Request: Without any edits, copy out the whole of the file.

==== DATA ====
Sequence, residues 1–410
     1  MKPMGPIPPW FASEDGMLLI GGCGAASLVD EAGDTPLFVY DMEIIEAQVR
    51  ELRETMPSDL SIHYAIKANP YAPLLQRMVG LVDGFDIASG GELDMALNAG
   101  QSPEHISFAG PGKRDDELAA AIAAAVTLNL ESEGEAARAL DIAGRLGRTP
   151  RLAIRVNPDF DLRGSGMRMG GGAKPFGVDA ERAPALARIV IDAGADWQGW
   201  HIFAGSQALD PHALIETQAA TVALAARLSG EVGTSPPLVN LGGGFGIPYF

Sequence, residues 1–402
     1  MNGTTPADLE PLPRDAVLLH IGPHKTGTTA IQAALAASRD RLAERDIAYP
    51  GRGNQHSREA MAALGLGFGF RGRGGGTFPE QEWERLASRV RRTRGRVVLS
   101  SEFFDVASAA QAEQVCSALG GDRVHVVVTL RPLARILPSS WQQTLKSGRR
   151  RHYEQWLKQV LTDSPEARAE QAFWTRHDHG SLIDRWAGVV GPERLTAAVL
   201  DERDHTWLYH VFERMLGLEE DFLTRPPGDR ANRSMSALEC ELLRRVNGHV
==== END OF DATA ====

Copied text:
Sequence, residues 1–410
     1  MKPMGPIPPW FASEDGMLLI GGCGAASLVD EAGDTPLFVY DMEIIEAQVR
    51  ELRETMPSDL SIHYAIKANP YAPLLQRMVG LVDGFDIASG GELDMALNAG
   101  QSPEHISFAG PGKRDDELAA AIAAAVTLNL ESEGEAARAL DIAGRLGRTP
   151  RLAIRVNPDF DLRGSGMRMG GGAKPFGVDA ERAPALARIV IDAGADWQGW
   201  HIFAGSQALD PHALIETQAA TVALAARLSG EVGTSPPLVN LGGGFGIPYF

Sequence, residues 1–402
     1  MNGTTPADLE PLPRDAVLLH IGPHKTGTTA IQAALAASRD RLAERDIAYP
    51  GRGNQHSREA MAALGLGFGF RGRGGGTFPE QEWERLASRV RRTRGRVVLS
   101  SEFFDVASAA QAEQVCSALG GDRVHVVVTL RPLARILPSS WQQTLKSGRR
   151  RHYEQWLKQV LTDSPEARAE QAFWTRHDHG SLIDRWAGVV GPERLTAAVL
   201  DERDHTWLYH VFERMLGLEE DFLTRPPGDR ANRSMSALEC ELLRRVNGHV